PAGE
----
“We get that a lot of Bears fans are unhappy, and we’re unhappy too, and we’re frustrated, and we understand that there’s not really a whole lot that can be said today that’s gonna make people feel better about the situation,” McCaskey said. “And it may even be that once the candidates are introduced, there will be people who say you picked the wrong guy, or you didn’t get it right, or whatever. The only opportunity to produce results is on the field, and that won’t be for some time to come, but we think in time it will be shown that we’ve chosen the right people to lead the Bears.”
As everyone knows, that's even worse than mom being mad https://t.co/Jx06RaXRXx
— Matt Zahn (@mattzahnsports) January 10, 2022
The search team will begin contacting coach and GM candidates on Monday, and McCaskey said he will make the final decision on both positions. Phillips will negotiate their contracts.
While McCaskey said the team ideally will hire a new general manager first, he said that won’t be a necessity.
“If we see a head coach candidate that we think is the right one, we’re going to do what it takes to get them in-house,” he said.
The Bears were 34-33 in four seasons under Nagy, with two playoff appearances, but no playoff wins. Despite starting with a promising 12-4 season in their first year under Nagy, the Bears couldn’t maintain that success, going 8-8 in each of the next two seasons before this year’s 6-11 finish.
McCaskey said the 12-4 season in Nagy’s first year in 2018 was “a great ride” for the Bears, but acknowledged the team couldn’t build on that success.
“We thought we were on our way. Unfortunately, it could not be sustained. Instead, we regressed. Our offense failed to show improvement. We continued to struggle at home. We did not close the gap within our division. In the end, we didn’t win enough games,” McCaskey said. ”Over four seasons, we beat the teams we were expected to beat. Too often, though, we didn’t beat the better teams. You have to do that to excel in this league.”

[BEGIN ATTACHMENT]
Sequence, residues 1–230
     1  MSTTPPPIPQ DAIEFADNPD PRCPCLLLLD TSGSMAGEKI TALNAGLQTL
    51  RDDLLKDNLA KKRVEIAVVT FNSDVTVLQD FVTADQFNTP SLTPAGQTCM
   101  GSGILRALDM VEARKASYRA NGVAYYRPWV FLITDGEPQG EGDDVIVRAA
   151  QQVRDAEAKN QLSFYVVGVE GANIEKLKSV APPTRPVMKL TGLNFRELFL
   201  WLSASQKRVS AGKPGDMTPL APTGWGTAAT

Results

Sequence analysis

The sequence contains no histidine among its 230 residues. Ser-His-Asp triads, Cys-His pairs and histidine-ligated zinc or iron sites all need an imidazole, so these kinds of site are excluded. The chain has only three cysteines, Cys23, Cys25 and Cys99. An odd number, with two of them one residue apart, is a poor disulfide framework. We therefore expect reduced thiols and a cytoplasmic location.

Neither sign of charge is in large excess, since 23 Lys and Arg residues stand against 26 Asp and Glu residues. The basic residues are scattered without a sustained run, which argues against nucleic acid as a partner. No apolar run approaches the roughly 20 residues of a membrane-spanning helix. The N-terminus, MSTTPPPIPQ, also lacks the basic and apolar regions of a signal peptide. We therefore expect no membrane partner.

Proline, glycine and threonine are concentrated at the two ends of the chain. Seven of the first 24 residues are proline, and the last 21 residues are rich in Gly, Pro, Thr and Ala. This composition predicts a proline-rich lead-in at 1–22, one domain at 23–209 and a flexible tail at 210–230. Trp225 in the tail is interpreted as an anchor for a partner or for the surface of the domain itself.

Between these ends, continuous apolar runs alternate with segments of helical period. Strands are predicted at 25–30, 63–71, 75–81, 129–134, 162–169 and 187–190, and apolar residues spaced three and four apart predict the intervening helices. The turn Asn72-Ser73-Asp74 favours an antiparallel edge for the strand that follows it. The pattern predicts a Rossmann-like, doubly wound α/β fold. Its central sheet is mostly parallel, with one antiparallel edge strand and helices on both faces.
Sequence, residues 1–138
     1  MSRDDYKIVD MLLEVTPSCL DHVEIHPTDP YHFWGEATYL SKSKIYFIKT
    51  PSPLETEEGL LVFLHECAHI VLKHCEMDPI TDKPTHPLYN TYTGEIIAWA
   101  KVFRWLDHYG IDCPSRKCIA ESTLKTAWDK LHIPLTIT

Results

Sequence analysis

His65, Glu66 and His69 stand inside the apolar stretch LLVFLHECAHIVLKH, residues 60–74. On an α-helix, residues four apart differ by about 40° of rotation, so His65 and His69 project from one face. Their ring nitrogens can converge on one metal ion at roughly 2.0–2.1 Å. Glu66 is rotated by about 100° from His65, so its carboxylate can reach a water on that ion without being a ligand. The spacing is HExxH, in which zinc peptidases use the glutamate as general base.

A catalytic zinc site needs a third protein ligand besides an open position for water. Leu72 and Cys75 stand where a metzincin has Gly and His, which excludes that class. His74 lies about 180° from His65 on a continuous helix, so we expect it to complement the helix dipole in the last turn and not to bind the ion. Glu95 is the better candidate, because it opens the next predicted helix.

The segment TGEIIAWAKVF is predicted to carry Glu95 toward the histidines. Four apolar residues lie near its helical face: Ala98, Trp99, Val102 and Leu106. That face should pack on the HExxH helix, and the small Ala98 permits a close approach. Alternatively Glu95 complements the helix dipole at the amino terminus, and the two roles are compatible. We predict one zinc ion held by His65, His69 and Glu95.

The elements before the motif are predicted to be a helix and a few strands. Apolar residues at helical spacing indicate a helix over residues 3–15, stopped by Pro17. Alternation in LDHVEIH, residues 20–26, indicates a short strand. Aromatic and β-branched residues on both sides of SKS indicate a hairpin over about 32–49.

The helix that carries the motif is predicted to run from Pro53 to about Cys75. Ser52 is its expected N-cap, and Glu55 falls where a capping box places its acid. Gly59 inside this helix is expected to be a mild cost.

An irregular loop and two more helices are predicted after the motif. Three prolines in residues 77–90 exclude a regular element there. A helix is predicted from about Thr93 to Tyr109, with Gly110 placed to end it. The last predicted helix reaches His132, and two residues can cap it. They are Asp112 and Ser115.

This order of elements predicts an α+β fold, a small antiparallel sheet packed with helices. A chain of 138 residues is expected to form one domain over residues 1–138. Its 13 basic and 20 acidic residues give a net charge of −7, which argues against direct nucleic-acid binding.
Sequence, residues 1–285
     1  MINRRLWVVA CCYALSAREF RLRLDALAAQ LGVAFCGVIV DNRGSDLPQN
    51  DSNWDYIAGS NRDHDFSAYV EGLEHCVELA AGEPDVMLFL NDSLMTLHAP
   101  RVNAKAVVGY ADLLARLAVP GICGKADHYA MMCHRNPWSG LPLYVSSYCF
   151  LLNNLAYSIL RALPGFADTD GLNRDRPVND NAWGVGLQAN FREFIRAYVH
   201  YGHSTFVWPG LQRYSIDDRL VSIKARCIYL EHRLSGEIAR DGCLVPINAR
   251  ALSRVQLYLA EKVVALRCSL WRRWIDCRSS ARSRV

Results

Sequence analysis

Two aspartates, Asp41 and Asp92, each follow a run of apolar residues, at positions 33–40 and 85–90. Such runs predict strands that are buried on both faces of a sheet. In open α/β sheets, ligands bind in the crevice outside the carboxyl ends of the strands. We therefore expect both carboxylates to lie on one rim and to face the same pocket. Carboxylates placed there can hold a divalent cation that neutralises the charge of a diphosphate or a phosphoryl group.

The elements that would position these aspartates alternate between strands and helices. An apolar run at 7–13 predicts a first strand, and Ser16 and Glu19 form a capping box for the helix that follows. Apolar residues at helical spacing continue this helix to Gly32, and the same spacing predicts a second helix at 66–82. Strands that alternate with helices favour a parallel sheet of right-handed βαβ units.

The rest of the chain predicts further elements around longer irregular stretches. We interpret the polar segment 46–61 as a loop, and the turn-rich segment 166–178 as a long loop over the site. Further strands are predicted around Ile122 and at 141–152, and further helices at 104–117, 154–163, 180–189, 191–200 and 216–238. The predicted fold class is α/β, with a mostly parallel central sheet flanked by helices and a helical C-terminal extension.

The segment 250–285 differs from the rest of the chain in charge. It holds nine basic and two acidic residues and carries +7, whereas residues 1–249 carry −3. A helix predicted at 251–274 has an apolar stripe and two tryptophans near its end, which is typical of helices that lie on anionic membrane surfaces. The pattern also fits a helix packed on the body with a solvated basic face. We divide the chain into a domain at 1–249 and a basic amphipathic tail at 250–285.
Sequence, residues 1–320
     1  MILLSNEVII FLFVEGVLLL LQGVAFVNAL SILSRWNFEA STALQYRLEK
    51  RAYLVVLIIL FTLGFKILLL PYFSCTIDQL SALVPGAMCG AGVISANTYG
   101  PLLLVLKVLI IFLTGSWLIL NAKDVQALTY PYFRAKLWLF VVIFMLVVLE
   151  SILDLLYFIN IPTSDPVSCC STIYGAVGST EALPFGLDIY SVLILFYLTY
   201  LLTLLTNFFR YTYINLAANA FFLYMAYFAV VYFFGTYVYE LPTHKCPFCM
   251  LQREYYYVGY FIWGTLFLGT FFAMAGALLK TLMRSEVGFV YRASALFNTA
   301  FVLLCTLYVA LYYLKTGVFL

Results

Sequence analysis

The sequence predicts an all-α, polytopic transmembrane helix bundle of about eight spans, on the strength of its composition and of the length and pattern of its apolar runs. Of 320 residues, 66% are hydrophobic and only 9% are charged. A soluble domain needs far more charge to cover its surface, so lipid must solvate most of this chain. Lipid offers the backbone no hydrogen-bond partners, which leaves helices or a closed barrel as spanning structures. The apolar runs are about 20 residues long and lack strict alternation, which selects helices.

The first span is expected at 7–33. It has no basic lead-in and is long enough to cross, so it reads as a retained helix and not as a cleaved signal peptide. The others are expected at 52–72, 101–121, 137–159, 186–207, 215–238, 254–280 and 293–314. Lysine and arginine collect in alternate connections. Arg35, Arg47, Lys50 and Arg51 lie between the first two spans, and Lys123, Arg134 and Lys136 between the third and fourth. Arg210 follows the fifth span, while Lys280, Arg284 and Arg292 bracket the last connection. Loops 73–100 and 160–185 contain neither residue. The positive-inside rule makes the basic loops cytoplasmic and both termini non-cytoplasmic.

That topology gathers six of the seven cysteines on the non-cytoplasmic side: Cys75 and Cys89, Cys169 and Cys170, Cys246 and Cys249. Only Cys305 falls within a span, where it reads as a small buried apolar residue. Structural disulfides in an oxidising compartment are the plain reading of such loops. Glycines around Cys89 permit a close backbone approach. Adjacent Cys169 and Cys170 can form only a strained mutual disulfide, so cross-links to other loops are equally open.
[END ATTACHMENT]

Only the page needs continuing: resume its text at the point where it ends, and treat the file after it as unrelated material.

McCaskey said the most frustrating part of the 2021 season was that the team went through a lengthy losing streak for the second year in a row, essentially dashing any hopes of returning to the playoffs. The 2021 Bears had a five-game losing streak, and the 2020 team had a six-game losing streak.READ MORE: Two Men Shot Dead In Car In Ravenswood; Car Goes On To Crash And Catch Fire
“Usually, those are season-enders. I admired the way our guys stuck together, didn’t point fingers, but at some point the general manager and the head coach have to come up with a way to snap us out of a losing streak before the season is ruined,” McCaskey said.
In seven seasons under Pace, the Bears went 48-65, with only one winning season, and no playoff victories.
Along with the continued failure to bring Chicago its first playoff win since the 2010 season under head coach Lovie Smith, Pace’s fate was sealed by his repeated inability to find a franchise quarterback.
Pace traded four draft picks to move up one slot in the 2017 NFL draft to pick Mitchell Trubisky over fellow first-round quarterbacks Patrick Mahomes and Deshaun Watson, only to see Trubisky fail to develop after hiring Nagy in 2018. Although Trubisky had a 29-21 record with the Bears, he failed to live up to his promise as the No. 2 overall draft pick and couldn’t match the success of Mahomes and Watson, who both became NFL stars. The Bears let Trubisky leave in free agency after last year, and he is now a backup with the Bills, and seems unlikely to get another starting job in the NFL anytime soon.
In addition to missing on Trubisky, Pace also failed with multiple free agent quarterbacks, including Mike Glennon, Nick Foles, and Andy Dalton; and two other first-round busts with wide receiver Kevin White in 2015 and outside linebacker Leonard Floyd in 2017.
He’s also left the Bears struggling with salary cap space, which has left them with a dearth of talent, particularly on the offensive side.
Nagy, meantime, could not boost the Bears’ lackluster offense in his four years in Chicago, despite his success as quarterbacks coach and offensive coordinator in five seasons under Chiefs head coach Andy Reid before he joined the Bears.